Goodfella’s is returning to TV for the first time in three years with a campaign that aims to boost perceptions of the frozen-pizza brand by introducing a family matriarch character who acts as its "arbiter of quality".
Created by Grey London, "The Godmother" is set in New York and features visual design that harks back to the mid- to late-20th century, the era when classic gangster films such as The Godfather trilogy and the brand’s (almost) namesake, Martin Scorsese’s Goodfellas, were made.
It follows the stern, silent character of the Godmother arriving at the headquarters of her family pizza business and sitting down for dinner, before giving a nod of approval to a waiter sweating with nerves.
The spot was created by Georgia Horrocks and Matthew Kennedy, and directed by Ben Whitehouse through Stink. The media agency is Zenith.
The £4.2m campaign, launching on Monday, is the first time Goodfella's has advertised since 2016 and follows its acquisition in April last year by Nomad Foods, owner of Birds Eye.
Speaking to Campaign, Claire Hoyle, head of marketing for Goodfella’s, said the campaign was about bringing the "Nomad strategy" to the brand. She noted the creative idea had threads in common with last year’s relaunch of Captain Birdseye, also by Grey, that reinvented the character as a more contemporary, casual figure, but avoided the kind of drastic change carried out when 31-year-old Thomas Pescod was cast as the captain in 1998.
Hoyle said the brand’s research had identified that the brand's Italian American cues and association with gangster movies remained strong. On the other hand, the use of a woman as the head of a family was designed to reflect the growing demand for "strong female characters" but also "put a bit of a twist on the gangster genre", the lead characters of which are almost always male.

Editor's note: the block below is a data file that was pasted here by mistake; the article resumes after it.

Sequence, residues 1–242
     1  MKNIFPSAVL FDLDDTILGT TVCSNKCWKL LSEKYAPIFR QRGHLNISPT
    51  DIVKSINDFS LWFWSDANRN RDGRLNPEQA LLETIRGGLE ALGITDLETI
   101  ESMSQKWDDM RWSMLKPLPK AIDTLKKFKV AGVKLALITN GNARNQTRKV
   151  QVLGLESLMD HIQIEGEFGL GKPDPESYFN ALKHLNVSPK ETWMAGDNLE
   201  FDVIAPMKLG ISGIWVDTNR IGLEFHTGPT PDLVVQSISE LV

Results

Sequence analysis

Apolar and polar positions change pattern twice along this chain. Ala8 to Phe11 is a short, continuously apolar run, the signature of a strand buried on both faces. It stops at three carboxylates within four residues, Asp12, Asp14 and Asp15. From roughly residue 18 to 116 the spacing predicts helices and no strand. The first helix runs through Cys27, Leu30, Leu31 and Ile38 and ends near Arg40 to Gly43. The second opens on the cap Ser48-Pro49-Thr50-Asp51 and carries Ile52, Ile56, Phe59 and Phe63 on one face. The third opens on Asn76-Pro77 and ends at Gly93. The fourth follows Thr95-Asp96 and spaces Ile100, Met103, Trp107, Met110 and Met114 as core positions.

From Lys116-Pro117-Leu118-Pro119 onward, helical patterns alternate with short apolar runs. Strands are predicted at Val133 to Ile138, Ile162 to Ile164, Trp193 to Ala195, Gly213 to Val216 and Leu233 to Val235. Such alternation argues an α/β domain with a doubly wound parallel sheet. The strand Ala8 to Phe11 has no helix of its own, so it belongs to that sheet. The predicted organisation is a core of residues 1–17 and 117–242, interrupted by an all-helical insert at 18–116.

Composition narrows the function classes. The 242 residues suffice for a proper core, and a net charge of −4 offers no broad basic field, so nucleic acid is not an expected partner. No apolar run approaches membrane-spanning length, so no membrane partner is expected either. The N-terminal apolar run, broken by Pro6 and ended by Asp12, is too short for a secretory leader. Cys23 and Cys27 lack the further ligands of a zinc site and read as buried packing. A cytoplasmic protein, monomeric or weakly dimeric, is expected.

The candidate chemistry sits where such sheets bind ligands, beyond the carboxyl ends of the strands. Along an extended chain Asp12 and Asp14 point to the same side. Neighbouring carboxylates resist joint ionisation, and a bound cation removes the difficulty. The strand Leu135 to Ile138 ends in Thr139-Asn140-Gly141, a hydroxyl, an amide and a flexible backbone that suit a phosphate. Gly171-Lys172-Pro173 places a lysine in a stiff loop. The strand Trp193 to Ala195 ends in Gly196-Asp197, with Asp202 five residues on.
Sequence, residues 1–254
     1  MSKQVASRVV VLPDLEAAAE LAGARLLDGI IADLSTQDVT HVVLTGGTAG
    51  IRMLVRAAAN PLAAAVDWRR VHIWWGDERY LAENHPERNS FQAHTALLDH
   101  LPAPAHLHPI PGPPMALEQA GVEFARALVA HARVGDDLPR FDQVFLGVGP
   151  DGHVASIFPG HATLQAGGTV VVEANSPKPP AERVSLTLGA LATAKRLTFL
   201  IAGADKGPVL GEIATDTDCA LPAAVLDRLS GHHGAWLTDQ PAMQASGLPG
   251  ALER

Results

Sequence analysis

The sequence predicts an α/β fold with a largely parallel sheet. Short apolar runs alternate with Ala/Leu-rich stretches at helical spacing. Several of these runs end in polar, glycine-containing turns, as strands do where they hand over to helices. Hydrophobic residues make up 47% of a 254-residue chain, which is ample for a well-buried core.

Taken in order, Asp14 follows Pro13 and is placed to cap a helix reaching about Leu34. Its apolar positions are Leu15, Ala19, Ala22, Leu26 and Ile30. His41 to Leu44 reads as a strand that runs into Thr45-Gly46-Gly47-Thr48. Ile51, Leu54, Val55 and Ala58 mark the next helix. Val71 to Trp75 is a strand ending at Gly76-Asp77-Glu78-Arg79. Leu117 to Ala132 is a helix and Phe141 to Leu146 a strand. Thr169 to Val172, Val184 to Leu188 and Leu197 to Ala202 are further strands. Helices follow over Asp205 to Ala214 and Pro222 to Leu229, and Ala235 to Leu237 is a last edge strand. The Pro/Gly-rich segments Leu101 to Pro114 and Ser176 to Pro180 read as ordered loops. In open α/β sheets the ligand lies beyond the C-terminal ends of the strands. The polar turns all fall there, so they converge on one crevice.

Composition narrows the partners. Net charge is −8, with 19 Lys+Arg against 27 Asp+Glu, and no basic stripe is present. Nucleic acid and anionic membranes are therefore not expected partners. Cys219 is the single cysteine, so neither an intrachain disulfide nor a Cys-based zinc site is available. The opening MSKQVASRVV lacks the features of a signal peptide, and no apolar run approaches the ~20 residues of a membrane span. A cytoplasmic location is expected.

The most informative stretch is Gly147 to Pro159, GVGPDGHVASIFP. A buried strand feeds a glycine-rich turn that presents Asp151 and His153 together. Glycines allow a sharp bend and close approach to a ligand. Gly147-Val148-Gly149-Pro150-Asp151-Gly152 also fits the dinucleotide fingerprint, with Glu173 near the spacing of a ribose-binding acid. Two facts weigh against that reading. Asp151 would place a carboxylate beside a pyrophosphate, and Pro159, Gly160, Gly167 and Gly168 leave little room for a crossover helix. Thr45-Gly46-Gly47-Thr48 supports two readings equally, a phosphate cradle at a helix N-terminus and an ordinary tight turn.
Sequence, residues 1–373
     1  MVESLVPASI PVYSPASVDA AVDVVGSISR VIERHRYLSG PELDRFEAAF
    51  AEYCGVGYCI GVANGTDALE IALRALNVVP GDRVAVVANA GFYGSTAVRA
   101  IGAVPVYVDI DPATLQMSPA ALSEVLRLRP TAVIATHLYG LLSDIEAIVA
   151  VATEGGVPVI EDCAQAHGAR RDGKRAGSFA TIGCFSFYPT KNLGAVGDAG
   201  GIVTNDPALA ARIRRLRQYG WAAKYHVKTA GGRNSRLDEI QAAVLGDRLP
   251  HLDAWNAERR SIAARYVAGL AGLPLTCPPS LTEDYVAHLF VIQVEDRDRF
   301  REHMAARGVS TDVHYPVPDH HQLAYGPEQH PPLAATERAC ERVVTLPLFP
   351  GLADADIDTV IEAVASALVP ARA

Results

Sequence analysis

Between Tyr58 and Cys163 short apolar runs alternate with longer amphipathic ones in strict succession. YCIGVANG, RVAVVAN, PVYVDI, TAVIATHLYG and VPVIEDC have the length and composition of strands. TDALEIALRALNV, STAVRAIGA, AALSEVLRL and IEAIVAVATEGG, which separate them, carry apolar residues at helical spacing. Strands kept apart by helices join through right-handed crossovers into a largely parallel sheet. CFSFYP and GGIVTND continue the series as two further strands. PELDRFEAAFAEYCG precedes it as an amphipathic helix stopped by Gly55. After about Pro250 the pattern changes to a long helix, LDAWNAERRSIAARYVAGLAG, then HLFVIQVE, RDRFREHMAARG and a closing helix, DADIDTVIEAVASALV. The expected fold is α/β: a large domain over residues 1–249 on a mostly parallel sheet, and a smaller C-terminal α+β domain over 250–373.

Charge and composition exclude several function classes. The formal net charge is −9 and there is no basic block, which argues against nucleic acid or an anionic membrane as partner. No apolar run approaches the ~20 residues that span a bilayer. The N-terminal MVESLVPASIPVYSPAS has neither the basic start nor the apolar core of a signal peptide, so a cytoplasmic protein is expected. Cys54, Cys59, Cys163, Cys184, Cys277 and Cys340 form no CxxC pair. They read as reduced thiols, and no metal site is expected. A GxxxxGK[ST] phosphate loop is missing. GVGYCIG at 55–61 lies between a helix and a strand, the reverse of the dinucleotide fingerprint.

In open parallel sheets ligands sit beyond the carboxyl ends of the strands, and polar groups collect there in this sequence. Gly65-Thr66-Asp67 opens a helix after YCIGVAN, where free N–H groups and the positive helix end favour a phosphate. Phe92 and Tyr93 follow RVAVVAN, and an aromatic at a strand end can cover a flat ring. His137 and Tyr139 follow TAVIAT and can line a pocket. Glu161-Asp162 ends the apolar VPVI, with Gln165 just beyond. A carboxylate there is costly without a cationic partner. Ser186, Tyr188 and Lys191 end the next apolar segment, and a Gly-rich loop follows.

"It’s about tapping back into those memory structures but dialling them up to create some distinctiveness," she said.
"The Godmother" (La Madrina in Italian) was inspired by characters including Polly Gray, Helen McCrory’s role in Peaky Blinders, and The Devil Wears Prada's Miranda Priestly, played by Meryl Streep. As well as bringing Goodfella's identity to life, the character was conceived as an "arbiter of quality" to drive home the message embodied in the ad’s endline: "Made with respect."
"It’s a challenge across the frozen category in general," Hoyle said. "Consumers perceive frozen pizza to be lower-quality than fresh. What we can communicate with pride is that our pizzas all start life as an individual dough ball, they’re topped with sauce made every day in-house, the dough is proved and the pizzas are baked on Italian stone imported from north of Milan."
The TV campaign is supported by video-on-demand, Facebook, Instagram and Twitter activity. There is no programmatic display planned at this stage, but Hoyle said this is likely to follow in the second year of the campaign.
Alongside the advertising, Goodfella’s has made improvements to its recipes and is launching new pack designs. It has also just rolled out a second vegan variant after introducing its first last year.